CFC backtracks on Slim’s near-billion dollar fine in Mexico, lays out other terms and conditions originally appeared on Engadget on Thu, 03 May 2012 22:24:00 EDT. Please see our terms for use of feeds.

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Apple in talks to stream EPIX films to Apple TV

Saturday, April 28th, 2012

Apple TV to stream EPIX moviesApple is reportedly in talks to stream films owned by EPIX — a joint venture among Paramount Pictures, Metro-Goldwyn-Mayer and Lionsgate — across a variety of devices, including the long-anticipated iTV, according to a report from Reuters. Two people with knowledge of the negotiations told the publication that the talks are in the preliminary stages and no agreement is considered near. The Cupertino-based company is reportedly looking to beef up the content offered through its Apple TV set-top box and upcoming devices. An agreement could prove troublesome, however, due to EPIX’s $200 million agreement with Netflix, which gave the company exclusive streaming rights through September.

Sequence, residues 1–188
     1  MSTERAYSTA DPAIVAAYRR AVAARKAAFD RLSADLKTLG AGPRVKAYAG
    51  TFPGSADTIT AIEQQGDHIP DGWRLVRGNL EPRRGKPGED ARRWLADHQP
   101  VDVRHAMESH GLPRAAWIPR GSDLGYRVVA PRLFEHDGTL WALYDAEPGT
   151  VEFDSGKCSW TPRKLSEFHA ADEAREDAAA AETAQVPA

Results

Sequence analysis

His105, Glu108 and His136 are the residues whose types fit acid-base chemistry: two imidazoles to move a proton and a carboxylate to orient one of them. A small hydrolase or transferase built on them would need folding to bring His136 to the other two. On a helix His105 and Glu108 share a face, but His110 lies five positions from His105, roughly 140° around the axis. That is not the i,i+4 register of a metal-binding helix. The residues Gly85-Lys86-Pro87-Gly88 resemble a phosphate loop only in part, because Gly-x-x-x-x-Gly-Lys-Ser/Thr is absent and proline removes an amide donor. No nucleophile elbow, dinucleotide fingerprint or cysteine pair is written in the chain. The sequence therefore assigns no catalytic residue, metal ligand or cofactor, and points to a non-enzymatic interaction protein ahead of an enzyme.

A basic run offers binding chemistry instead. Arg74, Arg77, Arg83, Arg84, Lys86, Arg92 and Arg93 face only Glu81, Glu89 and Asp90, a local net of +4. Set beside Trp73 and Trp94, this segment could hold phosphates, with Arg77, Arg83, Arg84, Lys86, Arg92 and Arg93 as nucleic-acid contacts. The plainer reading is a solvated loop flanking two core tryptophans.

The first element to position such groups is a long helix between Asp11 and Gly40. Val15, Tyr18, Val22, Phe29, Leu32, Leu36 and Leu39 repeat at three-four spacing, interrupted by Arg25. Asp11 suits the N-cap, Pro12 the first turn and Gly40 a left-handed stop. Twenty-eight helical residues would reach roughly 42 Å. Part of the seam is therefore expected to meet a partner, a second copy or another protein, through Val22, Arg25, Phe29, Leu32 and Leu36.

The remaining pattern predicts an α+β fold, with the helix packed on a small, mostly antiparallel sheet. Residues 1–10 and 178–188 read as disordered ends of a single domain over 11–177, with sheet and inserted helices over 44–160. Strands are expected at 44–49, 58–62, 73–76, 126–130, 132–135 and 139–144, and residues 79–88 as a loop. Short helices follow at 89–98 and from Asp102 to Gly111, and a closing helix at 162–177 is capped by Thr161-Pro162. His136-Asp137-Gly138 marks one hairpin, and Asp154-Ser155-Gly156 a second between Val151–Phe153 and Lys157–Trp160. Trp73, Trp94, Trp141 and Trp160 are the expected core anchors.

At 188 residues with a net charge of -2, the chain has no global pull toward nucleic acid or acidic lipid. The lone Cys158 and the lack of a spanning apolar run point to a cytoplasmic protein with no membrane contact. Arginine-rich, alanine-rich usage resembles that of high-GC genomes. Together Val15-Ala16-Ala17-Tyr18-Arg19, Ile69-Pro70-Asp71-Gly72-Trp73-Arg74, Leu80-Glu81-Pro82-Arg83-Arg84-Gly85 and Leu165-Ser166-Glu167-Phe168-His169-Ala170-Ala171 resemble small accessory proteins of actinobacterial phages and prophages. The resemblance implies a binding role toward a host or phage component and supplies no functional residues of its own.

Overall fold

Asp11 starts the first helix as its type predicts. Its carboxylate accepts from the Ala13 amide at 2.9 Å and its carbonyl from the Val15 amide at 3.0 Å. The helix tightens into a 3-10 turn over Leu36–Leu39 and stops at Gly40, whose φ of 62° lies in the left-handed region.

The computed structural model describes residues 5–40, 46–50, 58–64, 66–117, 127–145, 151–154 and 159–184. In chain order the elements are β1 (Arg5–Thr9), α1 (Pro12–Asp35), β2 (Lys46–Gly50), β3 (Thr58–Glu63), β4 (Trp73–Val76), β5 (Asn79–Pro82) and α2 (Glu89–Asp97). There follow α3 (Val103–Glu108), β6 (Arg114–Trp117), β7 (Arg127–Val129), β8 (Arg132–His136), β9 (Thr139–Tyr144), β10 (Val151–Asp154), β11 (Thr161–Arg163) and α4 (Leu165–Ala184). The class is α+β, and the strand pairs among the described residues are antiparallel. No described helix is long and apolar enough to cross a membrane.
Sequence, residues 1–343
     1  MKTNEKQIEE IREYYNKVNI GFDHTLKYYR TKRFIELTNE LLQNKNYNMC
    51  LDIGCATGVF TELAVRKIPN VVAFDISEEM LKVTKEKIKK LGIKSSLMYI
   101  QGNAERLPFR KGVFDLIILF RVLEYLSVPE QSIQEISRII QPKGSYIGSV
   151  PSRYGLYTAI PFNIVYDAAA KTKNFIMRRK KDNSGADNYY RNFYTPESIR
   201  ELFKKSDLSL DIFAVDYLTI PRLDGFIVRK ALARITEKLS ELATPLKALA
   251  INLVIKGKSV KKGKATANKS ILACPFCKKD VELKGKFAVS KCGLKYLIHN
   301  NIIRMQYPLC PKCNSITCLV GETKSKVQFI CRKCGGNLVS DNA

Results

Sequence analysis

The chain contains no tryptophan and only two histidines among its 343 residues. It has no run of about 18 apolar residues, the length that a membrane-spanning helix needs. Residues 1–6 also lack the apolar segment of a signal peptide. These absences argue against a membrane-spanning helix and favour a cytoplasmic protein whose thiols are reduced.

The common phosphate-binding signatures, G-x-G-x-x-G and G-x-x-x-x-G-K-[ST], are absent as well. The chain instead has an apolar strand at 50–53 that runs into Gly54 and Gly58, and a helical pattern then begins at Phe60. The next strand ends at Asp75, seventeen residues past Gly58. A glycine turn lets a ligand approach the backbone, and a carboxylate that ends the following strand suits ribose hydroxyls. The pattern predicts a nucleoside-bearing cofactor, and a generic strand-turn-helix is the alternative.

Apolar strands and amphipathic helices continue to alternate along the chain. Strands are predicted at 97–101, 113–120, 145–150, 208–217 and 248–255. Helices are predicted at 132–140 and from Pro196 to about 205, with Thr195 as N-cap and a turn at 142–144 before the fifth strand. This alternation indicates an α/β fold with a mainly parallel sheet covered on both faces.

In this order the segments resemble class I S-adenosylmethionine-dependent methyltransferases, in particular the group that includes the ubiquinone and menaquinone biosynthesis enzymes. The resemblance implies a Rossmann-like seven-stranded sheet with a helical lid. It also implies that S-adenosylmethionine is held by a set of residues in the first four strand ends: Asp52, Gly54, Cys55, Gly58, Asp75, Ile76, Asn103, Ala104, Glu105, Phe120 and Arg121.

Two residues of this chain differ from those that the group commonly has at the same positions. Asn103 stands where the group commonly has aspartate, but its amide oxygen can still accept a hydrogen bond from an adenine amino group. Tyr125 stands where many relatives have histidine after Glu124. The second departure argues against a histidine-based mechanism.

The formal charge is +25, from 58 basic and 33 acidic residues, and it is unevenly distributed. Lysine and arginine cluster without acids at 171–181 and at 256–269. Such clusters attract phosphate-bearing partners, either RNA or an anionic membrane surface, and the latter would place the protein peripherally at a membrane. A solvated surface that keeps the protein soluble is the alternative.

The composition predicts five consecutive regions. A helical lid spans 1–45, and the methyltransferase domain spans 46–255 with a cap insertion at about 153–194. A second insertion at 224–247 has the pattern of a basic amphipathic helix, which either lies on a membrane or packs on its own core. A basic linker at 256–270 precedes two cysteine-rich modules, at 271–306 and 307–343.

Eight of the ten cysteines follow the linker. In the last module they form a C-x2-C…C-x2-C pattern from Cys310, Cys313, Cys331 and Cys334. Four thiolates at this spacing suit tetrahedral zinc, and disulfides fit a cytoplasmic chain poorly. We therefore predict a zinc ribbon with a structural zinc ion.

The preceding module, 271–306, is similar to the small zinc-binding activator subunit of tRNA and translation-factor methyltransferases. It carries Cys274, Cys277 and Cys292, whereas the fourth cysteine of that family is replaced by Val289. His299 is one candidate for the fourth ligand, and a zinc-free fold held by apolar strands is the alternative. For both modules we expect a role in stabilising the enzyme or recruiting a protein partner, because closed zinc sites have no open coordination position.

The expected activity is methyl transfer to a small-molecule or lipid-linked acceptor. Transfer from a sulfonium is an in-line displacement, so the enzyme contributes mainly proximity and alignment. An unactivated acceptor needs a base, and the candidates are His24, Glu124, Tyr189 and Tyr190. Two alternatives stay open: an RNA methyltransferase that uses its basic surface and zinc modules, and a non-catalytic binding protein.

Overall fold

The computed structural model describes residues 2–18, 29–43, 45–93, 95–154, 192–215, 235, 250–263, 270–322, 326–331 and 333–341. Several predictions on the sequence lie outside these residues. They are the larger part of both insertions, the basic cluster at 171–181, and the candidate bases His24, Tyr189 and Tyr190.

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Sharp posts $1.4 billion extraordinary loss, refocuses on mobile displays

Friday, April 27th, 2012

Sharp posts $1.4 billion extraordinary loss for 2011 - 2012, sees writing on wall in high definitionSharp has reported an extraordinary loss of 117.1 billion yen ($1.4 billion) for the financial year ending March 2012. The company has cited restructuring costs and inventory losses as the causes for the write-down, but also projected that its TV business would lose a further 18.7 percent of its projected sales in the current year. The company has decided to convert some of its big-screen LCD production lines into mobile LCDs as it tries to reassert its dwindling display business. It’s yet more bad news after the company sold part of its LCD manufacturing business to Hon Hai, Sony withdrew from a joint venture and refused to deal with Sharp in the future, plus an 86 percent collapse in profits.

Continue reading Sharp posts $1.4 billion extraordinary loss, refocuses on mobile displays

Sharp posts $1.4 billion extraordinary loss, refocuses on mobile displays originally appeared on Engadget on Fri, 27 Apr 2012 04:20:00 EDT. Please see our terms for use of feeds.

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Huawei looks to ship 60 million smartphones this year

Thursday, April 26th, 2012